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Dutch senators approve pensions overhaul

Dutch senators have approved a major overhaul of the country’s pension system in a move that is expected to lead to big changes in asset allocation for the €1.45tn sector.

The new law was passed late on Tuesday after lengthy debate in the senate, the Netherlands’ upper house of parliament. It means that the country’s occupational pension system will move from a “defined benefit” to a “defined contribution” model in which pension funds no longer make retirement income promises to members.

Instead, members will pay into individual accounts, with income levels more dependent on investment returns and contributions. Funds can also offer collective DC arrangements, which aim to smooth out investment volatility for individual pension holders. The deadline for the system to be fully in place is 2028.

“This is a once-in-a-generation event,” said Onno Steenbeek, managing director for strategic portfolio advice at APG Asset Management, the country’s largest pension fund manager with €541bn of assets under management. “I would expect some changes in the way and extent pension funds will use interest rate swaps and currency hedging products.”

The legislation survived a blocking attempt by opposition senators who argued that the new law required approval of two-thirds of the House, rather than 50 per cent, to be constitutional. Legal experts believe the law will be subject to future legal challenges on this constitutional point. It was eventually passed 46 in favour and 27 against.

Hans Van Meerten, professor of European pension law at Utrecht university, said: “It is difficult to predict whether the new pension system will be better for individuals. There will be some ability within the system to absorb market shocks, but the DC model is more insecure because it is more dependent on financial markets for outcomes.”

For the past two decades, tens of millions of workers in the Netherlands have built up retirement savings through defined benefit arrangements, which pay out a target amount based on salary and length of service. 

However, the system had become contentious as pensioners and savers suffered retirement income cuts and increased contributions during a protracted period of low interest rates, which reduced expected investment returns. Unlike in the UK, the Dutch defined benefit system did not guarantee a set level of income.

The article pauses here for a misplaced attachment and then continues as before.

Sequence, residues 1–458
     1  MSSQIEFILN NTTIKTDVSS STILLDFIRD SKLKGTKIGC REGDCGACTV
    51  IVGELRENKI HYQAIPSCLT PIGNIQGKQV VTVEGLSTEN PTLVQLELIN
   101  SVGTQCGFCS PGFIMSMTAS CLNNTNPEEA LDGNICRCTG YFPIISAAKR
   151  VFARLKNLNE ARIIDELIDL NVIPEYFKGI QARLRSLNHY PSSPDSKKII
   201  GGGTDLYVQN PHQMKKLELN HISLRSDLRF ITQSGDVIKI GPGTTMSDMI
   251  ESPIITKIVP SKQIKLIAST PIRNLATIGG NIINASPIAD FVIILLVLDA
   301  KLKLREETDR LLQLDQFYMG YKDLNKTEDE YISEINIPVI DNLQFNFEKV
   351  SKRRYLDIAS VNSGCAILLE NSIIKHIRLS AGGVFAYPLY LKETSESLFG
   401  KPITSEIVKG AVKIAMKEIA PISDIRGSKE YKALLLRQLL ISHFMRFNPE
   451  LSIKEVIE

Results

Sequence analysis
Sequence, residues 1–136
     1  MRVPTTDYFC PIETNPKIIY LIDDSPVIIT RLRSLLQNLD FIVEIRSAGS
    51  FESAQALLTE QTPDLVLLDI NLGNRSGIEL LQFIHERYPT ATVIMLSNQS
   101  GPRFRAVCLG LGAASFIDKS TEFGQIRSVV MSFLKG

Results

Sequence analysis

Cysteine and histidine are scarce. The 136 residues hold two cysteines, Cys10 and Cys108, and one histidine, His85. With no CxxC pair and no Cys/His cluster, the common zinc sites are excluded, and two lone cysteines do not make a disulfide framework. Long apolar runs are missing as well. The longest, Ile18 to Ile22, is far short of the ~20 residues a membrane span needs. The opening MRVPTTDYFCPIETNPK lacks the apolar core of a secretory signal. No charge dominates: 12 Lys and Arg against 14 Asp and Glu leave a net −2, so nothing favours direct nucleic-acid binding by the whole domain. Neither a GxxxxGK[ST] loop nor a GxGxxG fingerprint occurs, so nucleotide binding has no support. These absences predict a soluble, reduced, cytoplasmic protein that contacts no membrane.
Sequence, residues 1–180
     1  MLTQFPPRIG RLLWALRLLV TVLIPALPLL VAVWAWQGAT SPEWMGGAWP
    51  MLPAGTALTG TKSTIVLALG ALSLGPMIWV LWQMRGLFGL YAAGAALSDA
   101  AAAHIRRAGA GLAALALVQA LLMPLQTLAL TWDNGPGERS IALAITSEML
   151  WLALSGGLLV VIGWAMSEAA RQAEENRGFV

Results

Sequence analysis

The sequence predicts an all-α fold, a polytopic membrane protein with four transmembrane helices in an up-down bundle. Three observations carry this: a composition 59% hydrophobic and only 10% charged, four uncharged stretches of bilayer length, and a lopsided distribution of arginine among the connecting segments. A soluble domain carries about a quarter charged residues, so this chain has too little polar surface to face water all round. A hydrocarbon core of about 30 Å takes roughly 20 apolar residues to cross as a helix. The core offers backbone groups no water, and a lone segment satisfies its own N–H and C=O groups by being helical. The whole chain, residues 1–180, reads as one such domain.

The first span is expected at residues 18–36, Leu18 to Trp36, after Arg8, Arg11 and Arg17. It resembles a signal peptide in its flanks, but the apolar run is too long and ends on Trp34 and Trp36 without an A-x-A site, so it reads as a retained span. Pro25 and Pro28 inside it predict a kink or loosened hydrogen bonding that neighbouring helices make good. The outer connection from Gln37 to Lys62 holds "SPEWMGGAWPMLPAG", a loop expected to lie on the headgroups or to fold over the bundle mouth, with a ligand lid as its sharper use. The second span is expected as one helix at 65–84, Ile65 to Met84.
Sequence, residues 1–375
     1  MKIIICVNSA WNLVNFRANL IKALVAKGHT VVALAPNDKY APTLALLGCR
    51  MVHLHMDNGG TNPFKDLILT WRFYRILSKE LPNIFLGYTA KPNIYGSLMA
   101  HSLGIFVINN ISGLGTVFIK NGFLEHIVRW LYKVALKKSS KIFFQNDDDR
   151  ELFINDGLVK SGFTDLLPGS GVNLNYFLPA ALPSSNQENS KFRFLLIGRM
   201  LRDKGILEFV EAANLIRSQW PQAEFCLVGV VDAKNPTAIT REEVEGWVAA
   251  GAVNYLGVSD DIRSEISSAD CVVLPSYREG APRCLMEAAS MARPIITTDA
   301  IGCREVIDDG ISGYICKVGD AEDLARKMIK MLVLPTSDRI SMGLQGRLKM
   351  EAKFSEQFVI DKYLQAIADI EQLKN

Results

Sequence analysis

In a briefing on the reforms De Nederlandsche Bank, the Netherlands’ central bank, said: “Pension funds make promises about the amount of pension benefits they intend to pay out to members. However, if the returns on investments are lower than expected, pension funds cannot live up to their promises. Our system needs to change in order to fix these vulnerabilities.”

While there is no certainty of how big retirement pots will be in the new system, DNB, which supervises pension funds, said there would be more transparency about retirement savings under the changes.

“In that way, everyone has an overview of the share of the assets reserved for their pension,” it said, adding the new system will give “much less cause for discussion about uncertain promises and about the distribution of these collective assets”.

Investment advisers said the reforms would make the Dutch pension system more sustainable than the old system, which made it more expensive to employ older workers as a result of DB pension liabilities weighing on employers.

The Netherlands’ transition to a new system will be closely watched by countries around the world.

“[Pensions sustainability] is something that a lot of countries are facing at the moment, as we’ve seen lowering fertility rates over the last few decades,” said Graham Pearce, senior partner for DB pensions at Mercer, a consultancy. “Under the new system it will be more attractive to employ older workers.”

The senate’s approval for the overhaul marks the end of a four-year journey for the reforms that were first agreed between employers, employees and the Dutch government in 2019 but whose passage through parliament suffered numerous delays.

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